Wave Equation in Higher Dimensions
The wave equation in 1D, 2D, or 3D may be written as
where, in 3D, denotes the amplitude of the wave at time and position , and
Plane Waves in Air
Figure B.9 shows a 2D cross-section of a snapshot (in time) of the sinusoidal plane wave
Figure B.10 depicts a more mathematical schematic of a sinusoidal plane wave traveling toward the upper-right of the figure. The dotted lines indicate the crests (peak amplitude location) along the wave.
The direction of travel and spatial frequency are indicated by the vector wavenumber , as discussed in in the following section.
Vector Wavenumber
Mathematically, a sinusoidal plane wave, as in Fig.B.9 or Fig.B.10, can be written as
where p(t,x) is the pressure at time (seconds) and position (3D Euclidean space). The amplitude , phase , and radian frequency are ordinary sinusoid parameters [451], and is the vector wavenumber:
- (unit) vector of direction cosines
- (scalar) wavenumber along travel direction
- wavenumber along the travel direction in its magnitude
- travel direction in its orientation
To see that the vector wavenumber has the claimed properties, consider that the orthogonal projection of any vector onto a vector collinear with is given by [451].^{B.35}Thus, is the component of lying along the direction of wave propagation indicated by . The norm of this component is , since is unit-norm by construction. More generally, is the signed length (in meters) of the component of along . This length times wavenumber gives the spatial phase advance along the wave, or, .
For another point of view, consider the plane wave , which is the varying portion of the general plane-wave of Eq.(B.48) at time , with unit amplitude and zero phase . The spatial phase of this plane wave is given by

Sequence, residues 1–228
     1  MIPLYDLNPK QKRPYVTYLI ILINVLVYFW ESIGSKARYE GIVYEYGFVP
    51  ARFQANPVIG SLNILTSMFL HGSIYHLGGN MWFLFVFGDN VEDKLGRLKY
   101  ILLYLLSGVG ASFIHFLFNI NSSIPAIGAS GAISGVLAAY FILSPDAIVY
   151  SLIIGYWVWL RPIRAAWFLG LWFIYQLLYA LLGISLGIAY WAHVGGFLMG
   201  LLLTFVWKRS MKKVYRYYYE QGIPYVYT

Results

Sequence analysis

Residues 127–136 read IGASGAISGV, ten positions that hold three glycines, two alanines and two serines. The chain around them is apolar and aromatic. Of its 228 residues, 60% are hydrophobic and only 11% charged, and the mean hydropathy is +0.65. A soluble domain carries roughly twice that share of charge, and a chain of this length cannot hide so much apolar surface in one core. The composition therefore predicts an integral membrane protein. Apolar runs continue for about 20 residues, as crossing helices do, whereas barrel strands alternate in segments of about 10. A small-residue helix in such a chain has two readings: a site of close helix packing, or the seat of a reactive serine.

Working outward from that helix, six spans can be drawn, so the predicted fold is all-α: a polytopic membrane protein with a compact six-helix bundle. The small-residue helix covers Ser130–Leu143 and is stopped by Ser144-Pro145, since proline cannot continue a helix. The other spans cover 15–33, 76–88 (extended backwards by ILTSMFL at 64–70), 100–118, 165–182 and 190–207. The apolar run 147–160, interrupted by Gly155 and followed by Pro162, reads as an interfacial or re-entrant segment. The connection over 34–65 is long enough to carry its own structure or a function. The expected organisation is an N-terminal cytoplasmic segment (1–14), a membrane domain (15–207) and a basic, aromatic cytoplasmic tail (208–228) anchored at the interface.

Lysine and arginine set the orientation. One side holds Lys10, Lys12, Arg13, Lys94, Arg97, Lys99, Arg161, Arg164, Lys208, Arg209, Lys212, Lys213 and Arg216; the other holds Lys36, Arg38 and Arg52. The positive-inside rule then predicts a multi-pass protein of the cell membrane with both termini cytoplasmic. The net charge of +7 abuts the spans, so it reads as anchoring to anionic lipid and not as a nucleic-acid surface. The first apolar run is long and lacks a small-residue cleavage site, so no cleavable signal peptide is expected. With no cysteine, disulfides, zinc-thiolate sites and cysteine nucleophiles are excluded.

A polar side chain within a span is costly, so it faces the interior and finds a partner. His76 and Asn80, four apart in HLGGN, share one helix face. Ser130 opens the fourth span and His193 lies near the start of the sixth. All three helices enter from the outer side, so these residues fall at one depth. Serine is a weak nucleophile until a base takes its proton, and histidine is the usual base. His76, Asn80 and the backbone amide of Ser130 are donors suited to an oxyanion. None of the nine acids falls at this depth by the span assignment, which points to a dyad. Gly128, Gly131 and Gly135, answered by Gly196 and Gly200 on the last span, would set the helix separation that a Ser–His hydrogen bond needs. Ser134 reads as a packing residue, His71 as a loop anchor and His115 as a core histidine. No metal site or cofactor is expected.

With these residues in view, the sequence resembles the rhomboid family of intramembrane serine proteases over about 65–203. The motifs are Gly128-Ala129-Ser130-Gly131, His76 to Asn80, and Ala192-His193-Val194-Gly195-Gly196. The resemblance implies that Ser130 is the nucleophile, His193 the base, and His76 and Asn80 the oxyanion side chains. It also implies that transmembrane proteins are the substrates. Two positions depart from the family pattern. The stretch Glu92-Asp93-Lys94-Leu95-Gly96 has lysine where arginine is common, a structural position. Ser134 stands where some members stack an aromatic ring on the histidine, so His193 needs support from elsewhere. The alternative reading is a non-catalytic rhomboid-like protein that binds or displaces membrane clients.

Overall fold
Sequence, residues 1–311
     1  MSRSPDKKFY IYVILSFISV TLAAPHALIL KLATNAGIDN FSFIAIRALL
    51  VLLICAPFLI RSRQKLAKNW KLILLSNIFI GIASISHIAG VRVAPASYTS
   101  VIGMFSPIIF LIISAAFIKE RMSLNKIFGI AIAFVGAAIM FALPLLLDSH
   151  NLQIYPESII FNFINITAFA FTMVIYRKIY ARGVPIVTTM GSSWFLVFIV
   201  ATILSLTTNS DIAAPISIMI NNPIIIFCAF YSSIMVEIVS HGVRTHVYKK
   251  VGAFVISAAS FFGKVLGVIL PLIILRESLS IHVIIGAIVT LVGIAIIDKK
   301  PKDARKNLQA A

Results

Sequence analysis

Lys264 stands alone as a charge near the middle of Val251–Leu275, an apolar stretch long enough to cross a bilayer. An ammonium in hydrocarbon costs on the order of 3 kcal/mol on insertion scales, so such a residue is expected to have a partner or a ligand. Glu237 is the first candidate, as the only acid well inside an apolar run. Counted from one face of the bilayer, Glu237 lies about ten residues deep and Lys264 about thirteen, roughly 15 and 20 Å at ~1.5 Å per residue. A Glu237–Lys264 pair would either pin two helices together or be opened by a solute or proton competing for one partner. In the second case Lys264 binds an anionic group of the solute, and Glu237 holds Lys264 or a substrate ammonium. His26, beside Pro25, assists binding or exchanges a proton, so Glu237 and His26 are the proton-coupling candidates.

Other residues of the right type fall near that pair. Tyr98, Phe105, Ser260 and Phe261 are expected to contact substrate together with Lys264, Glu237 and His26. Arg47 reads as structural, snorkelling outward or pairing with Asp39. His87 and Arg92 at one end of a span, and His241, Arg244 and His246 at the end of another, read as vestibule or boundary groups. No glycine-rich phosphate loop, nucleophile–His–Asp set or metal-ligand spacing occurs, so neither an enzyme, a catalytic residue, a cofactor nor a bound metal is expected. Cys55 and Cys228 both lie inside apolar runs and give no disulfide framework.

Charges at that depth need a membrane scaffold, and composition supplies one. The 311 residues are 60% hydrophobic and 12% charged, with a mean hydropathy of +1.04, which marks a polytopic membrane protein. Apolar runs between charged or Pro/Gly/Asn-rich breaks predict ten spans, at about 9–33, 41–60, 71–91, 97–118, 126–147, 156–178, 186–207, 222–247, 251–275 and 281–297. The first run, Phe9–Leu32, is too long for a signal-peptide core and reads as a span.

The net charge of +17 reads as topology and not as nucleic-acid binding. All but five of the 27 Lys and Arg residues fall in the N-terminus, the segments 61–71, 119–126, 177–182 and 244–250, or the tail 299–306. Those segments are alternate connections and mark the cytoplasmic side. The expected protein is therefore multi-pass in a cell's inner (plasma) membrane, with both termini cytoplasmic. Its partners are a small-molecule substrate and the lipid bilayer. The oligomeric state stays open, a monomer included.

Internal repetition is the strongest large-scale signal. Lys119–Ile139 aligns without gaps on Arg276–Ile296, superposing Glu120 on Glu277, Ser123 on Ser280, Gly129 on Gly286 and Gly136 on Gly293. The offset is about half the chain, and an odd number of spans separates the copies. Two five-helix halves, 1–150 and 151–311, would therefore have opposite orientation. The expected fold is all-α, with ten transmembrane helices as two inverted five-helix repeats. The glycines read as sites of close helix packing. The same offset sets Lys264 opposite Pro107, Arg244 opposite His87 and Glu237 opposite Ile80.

As we know from elementary vector calculus, the direction of maximum phase advance is given by the gradient of the phase :
Since the wavenumber is the spatial frequency (in radians per meter) along the direction of travel, we should be able to compute it as the directional derivative of along , i.e.,
Scattering of plane waves is discussed in §C.8.1.
Solving the 2D Wave Equation
Since solving the wave equation in 2D has all the essential features of the 3D case, we will look at the 2D case in this section.
Specializing Eq.(B.47) to 2D, the 2D wave equation may be written as
The 2D wave equation is obeyed by traveling sinusoidal plane waves having any amplitude , radian frequency , phase , and direction :
The sum of two such waves traveling in opposite directions with the same amplitude and frequency produces a standing wave. For example, if the waves are traveling parallel to the axis, we have
which is a standing wave along .
2D Boundary Conditions
We often wish to find solutions of the 2D wave equation that obey certain known boundary conditions. An example is transverse waves on an ideal elastic membrane, rigidly clamped on its boundary to form a rectangle with dimensions meters.
Similar to the derivation of Eq.(B.49), we can subtract the second sinusoidal traveling wave from the first to yield
Note that we can also use products of horizontal and vertical standing waves
To build solutions to the wave equation that obey all of the boundary conditions, we can form linear combinations of the above standing-wave products having zero displacement (``nodes'') along all four boundary lines:
where
The Wikipedia page (as of 1/31/10) on the Helmholtz equation provides a nice ``entry point'' on the above topics and further information.
3D Sound
The mathematics of 3D sound is quite elementary, as we will see below. The hard part of the theory of practical systems typically lies in the mathematical approximation to the ideal case. Examples include Ambisonics [158] and wave field synthesis [49].
Consider a point source at position . Then the acoustic complex amplitude at position is given by
The fundamental approximation problem in 3D sound is to approximate the complex acoustic field at one or more listening points using a finite set of loudspeakers, which are often modeled as a point source for each speaker.
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The Ideal Vibrating String
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Properties of Gases